The purpose of this case study was to explore senior librarians’ perceptions of successful leadership skills in the 21st century. The data gathered from 10 senior library leaders consisted of demographic information and responses to six open-ended interview questions. From the NVivo 10 analysis, several significant themes emerged regarding successful library leadership skills in the 21st century at two levels: foundational and interpersonal. At the foundational level, technical and knowledge skills form the building blocks for the next level of interpersonal skills. Persuasion and collaborative skills are interwoven with these interpersonal skills, both of which are at the core of the postindustrial paradigm of leadership. These two levels of skills, with an emphasis on persuasion skills, should form the basis of succession planning programs for next generation librarians. Implementing such programs could lead to increased leadership diversity, greater job satisfaction, improved job performance and effectiveness, all of which help retain librarians and ease staff shortages. Further studies are recommended.


This qualitative case study explored the information literacy acquisition of 23 students enrolled in a learning community consisting of an advanced English as a Second Language (ESL) writing class and a one-unit class introducing students to research at a suburban community college library in California. As there are no other known learning communities that link an ESL course to a library course, this site afforded a unique opportunity to understand the ways in which ESL students learn to conduct library research. Students encountered difficulties finding, evaluating, and using information for their ESL assignments. Strategies that the students, their ESL instructor, and their instructional librarian crafted in response were enabled by the learning community structure. These strategies included integration of the two courses’ curricula, contextualized learning activities, and dialogue. ESL students in this study simultaneously discovered new language forms, new texts, new ideas, and new research practices, in large part because of the relationships that developed over time among the students, instructor, and instructional librarian. Given the increasing number of ESL students in higher education and the growing concern about their academic success, this study attempts to fill a gap in the research literature on ESL students’ information literacy acquisition.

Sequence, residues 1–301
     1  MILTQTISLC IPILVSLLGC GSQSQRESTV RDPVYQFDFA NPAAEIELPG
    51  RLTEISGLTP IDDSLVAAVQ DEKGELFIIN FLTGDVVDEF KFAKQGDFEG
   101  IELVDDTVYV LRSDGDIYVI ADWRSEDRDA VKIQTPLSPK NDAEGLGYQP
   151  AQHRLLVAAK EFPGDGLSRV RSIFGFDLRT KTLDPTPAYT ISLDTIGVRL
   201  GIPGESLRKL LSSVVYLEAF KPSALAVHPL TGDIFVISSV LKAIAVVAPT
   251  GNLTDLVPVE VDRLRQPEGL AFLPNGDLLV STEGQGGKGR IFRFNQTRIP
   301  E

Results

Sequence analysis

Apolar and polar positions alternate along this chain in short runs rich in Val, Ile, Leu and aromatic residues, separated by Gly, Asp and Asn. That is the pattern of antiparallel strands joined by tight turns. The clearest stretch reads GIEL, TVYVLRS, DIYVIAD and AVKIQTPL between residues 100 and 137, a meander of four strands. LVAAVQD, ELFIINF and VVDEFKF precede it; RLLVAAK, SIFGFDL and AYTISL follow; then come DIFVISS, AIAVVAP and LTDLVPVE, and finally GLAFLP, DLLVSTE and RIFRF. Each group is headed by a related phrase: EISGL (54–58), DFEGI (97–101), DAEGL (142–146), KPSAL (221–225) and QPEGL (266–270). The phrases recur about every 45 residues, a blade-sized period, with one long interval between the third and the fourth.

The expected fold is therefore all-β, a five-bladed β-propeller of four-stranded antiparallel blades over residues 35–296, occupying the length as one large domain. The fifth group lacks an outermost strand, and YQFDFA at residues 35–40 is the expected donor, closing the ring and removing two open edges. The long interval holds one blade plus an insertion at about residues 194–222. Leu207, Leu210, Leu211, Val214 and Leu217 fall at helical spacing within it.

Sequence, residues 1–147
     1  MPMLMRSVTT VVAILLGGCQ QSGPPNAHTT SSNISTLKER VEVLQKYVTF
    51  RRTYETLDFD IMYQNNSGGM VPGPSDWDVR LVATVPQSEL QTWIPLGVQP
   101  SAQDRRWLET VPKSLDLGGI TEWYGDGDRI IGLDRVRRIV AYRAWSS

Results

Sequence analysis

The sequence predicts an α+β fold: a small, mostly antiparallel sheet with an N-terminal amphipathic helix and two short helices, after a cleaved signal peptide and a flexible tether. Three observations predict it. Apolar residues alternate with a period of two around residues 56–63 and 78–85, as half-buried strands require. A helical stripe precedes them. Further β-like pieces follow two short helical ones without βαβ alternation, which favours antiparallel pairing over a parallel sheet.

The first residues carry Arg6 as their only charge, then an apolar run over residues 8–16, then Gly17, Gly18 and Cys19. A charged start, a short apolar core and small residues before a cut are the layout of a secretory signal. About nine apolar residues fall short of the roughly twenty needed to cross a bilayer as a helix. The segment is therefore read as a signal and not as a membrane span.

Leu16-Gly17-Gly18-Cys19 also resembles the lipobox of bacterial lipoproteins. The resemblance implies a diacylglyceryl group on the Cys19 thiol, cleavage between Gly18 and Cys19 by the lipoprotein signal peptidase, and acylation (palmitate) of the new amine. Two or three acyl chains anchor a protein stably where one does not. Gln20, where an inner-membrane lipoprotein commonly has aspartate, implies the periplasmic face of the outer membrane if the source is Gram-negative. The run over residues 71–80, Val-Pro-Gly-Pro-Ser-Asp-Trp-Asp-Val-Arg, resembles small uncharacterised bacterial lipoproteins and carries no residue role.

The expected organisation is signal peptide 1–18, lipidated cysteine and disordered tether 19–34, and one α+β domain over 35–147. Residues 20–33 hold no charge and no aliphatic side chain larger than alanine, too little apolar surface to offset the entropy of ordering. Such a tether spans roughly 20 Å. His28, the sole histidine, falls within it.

This chapter addresses the dramatic changes that are taking place in public library design and how these changes affect the ways the public library is managed and used. The public library is becoming the cultural center of the community and the place to go for digital information. While maintaining areas for quiet individual study, the public library now provides spaces for collaborative work as well. And, because of automation, the staff can now work more closely with patrons than in the past. With the current emphasis on green buildings, many new and transformed libraries have been designed as examples of sustainable practice for their communities. All these changes can help create a new perception of the public library, resulting in raised visibility, more use, and increased membership.

Cover of Advances in Library Administration and Organization
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Advances in Library Administration and Organization
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Emerald Publishing Limited